Queer Coded Villains: Why They’re Simultaneously the Best and Worst


Have you ever noticed that television and movie villains are often given more liberty in sexuality and gender expression than the hero? That may sound counter intuitive, but frequently villains are flamboyant or have softer voices. They may be men who wear tailored suits or have higher pitched voices. They’re well groomed and they size up the hero with a lick of their lips or a suggestive smile. When confronted with the femme fatale, they’re unaffected and uninterested, instead choosing to focus and flirt with the male lead. Or they may be women who are femme but get into tangles with the heroine that often seem more sexual than violent. Regardless, they have a team of young, attractive lackeys who are so loyal there must be something else going on.


By far one of Him’s most flamboyant moments

In case you can’t think of any characters that may fit this trope, I’ll give you a few examples: Brandon and Phillip from Hitchcock’s Rope, two young men who are young, single, living together, and murderous; Scar, from Disney’s Lion King, who flicks his paws and lilts his voice and attempts to murder his brother and nephew; Him, Powerpuff Girl‘s gender ambiguous, make-up wearing adversary; Damien Moreau, Leverage‘s well dressed, well coiffed international criminal who has a team of young, attractive men who would die for him, and a very physical fascination with Eliot Spencer; The Great Tyrant from Barbarella, who asks to “play” with the heroine, and becomes enraged when her advances are denied… the list goes on. It’s also worth noting that these examples range from movies to animation to television, and that they span decades.

The act of giving villains these traits, traits often associated with gay, bisexual, lesbian, and transgender individuals, is called queer coding. Whether consciously or not, these villains give the viewer the impression that they’re a little off, a little deviant, a little too sexual. That deviance is often directly related to behavior stereotypically attributed to the LGBT community. And although these characters are often easy to ship and relate with if you’re in the community, there’s an insidious implication when we paint queer behavior as villainy.


A lovers’ quarrel between two murderers

It can be difficult to acknowledge that queer coding exists, because that would require us to acknowledge that LGBT stereotypes exist, and sometimes our behavior as queer individuals does fit society’s perception. For example, I’m loathe to admit that my classmates perceived me as queer long before I realized it myself – namely because of my short cropped hair and affection for menswear. There’s nothing wrong with effeminate gay men, or short haired women, or gender ambiguous nonbinary individuals, but our media wants us to think that there is. When the only queer representation we get is from villains, that sends a subconscious message that to be queer is to be bad or villainous.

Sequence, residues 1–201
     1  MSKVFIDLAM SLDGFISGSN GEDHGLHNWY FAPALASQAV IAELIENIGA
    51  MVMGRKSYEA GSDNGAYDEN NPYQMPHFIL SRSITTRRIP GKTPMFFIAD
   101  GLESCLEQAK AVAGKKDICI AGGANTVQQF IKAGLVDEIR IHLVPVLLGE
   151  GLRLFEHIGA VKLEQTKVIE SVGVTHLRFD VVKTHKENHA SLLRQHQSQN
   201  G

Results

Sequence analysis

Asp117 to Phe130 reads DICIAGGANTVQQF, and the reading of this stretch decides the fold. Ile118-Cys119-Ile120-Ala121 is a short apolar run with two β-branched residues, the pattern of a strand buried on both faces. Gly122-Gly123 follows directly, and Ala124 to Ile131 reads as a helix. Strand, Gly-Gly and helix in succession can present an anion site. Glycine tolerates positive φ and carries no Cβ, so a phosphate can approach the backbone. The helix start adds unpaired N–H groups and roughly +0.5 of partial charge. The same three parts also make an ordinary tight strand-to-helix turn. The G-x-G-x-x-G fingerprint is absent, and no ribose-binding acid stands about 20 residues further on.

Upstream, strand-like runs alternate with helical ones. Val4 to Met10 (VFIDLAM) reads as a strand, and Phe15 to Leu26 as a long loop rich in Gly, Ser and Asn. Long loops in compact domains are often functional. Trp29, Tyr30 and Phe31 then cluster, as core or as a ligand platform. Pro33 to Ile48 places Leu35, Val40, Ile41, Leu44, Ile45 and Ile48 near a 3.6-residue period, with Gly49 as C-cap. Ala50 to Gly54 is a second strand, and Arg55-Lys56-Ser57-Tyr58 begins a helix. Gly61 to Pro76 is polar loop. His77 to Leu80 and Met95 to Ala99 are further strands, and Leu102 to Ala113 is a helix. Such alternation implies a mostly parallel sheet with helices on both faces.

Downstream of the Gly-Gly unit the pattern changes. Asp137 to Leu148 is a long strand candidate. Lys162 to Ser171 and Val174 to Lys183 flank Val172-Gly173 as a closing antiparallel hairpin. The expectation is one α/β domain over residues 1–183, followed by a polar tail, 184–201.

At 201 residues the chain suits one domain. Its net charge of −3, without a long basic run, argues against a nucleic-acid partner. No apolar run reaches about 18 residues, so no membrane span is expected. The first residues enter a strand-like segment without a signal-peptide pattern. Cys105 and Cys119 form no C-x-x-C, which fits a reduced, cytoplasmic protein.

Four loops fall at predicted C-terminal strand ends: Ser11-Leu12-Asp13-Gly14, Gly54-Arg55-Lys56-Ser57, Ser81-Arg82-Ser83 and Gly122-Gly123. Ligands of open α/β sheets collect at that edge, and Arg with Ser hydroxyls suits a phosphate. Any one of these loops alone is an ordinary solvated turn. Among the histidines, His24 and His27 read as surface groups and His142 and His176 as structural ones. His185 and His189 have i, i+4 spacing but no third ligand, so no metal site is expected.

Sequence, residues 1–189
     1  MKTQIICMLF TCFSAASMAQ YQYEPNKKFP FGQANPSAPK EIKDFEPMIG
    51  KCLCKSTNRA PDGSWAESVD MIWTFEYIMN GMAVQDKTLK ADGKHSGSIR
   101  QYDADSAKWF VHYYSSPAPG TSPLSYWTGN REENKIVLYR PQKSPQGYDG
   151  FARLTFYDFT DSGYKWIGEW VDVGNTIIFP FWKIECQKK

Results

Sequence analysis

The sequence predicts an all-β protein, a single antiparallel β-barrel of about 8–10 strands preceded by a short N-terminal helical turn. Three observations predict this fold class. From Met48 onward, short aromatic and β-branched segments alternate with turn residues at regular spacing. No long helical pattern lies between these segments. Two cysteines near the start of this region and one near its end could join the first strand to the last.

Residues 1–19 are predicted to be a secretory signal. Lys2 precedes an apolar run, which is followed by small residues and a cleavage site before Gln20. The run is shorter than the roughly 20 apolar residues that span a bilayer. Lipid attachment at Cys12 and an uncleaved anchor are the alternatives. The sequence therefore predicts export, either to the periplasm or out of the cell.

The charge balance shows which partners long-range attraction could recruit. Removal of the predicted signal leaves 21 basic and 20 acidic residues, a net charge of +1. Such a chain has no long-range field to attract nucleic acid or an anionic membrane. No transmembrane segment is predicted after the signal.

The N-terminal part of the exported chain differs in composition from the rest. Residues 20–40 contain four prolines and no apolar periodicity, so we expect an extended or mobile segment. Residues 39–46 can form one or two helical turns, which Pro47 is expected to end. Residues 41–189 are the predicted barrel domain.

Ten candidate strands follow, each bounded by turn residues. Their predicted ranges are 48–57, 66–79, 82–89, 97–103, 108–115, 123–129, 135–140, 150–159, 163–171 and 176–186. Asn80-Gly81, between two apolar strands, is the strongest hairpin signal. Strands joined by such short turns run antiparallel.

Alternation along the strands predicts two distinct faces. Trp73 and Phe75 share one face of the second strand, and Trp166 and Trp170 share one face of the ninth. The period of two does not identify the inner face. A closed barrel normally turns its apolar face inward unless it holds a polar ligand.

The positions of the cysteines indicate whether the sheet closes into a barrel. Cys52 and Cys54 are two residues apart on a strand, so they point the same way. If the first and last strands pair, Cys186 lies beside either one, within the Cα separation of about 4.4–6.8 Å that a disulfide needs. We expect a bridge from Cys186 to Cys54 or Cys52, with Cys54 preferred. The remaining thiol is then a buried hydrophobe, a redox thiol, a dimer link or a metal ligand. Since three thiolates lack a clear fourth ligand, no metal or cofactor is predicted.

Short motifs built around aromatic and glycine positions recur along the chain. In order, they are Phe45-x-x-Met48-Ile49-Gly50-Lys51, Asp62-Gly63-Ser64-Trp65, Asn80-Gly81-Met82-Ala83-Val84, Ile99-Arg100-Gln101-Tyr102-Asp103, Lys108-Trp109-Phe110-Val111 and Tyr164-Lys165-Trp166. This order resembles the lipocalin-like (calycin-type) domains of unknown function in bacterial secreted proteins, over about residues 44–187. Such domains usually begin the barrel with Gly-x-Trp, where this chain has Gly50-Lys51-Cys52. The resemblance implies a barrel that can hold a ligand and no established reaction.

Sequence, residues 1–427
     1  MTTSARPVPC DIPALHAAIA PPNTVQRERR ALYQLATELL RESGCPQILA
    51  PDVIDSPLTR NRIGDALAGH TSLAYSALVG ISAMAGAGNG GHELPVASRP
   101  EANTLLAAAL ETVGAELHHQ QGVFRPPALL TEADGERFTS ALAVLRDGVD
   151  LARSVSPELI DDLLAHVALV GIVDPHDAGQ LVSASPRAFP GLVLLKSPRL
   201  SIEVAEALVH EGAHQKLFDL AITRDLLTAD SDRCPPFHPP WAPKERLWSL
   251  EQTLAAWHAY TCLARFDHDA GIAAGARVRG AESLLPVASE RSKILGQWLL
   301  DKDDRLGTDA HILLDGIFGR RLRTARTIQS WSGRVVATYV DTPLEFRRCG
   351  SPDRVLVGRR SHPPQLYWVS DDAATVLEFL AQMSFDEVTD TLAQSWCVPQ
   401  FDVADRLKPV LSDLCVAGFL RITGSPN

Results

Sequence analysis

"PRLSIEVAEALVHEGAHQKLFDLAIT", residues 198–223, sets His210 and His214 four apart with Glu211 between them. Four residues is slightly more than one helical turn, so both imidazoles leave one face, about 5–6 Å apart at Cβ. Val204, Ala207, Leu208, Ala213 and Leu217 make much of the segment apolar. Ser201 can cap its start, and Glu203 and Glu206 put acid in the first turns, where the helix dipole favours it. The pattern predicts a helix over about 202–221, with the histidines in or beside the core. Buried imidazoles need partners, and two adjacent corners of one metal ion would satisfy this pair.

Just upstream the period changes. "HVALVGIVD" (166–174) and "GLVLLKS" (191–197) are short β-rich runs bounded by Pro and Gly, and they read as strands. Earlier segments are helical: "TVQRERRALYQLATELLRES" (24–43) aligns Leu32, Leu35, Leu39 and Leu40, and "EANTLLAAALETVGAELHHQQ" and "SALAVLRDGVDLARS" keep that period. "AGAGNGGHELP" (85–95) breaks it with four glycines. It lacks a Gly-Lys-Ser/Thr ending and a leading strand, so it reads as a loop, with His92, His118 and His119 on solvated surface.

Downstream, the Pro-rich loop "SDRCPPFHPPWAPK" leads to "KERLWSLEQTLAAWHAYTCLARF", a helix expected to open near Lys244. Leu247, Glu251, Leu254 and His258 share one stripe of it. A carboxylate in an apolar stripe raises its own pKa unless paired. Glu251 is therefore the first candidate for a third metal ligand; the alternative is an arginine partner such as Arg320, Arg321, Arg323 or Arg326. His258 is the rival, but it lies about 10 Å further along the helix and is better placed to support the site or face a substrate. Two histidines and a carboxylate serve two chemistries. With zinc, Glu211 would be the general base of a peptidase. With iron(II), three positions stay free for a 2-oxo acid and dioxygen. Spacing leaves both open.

If you need any more proof, let’s look at the previous examples’ heroes: Rupert, the masculine and strong voiced mentor; Simba, the boyish but strong lion king with a childhood sweetheart; Buttercup, Blossom, and Bubbles who, despite their many feminist moments, still look and usually behave like little girls do (yes, even Buttercup); Eliot Spencer, a womanizer, an athlete, and a country music star; Barbarella, who is repeatedly shown with men but desexualized with the villainous women. There is no question about whether or not these characters ascribe to traditional gender and sexuality roles; if we even try, the writers are quick to reinforce their cisgender heterosexuality by giving them opposite sex love interests, cigars, and leadership roles. We are left with the impression that these individuals are inherently good, and that their goodness stems from their conformity as opposed to the villain’s inability to conform.


He’s in a bathrobe with an army of twinks behind him 

There’s nothing wrong with loving queer villains – I quite literally squealed when I watched Damien Moreau flirt with Eliot – but there is something wrong with the fact that we’re given queer villains but not queer heroes. Whether we realize it or not, we’re either starved for representation or we’re taught that queerness is a symptom of moral depravity. And that’s not okay.

Photo Credit: 1, 2, 3, 4


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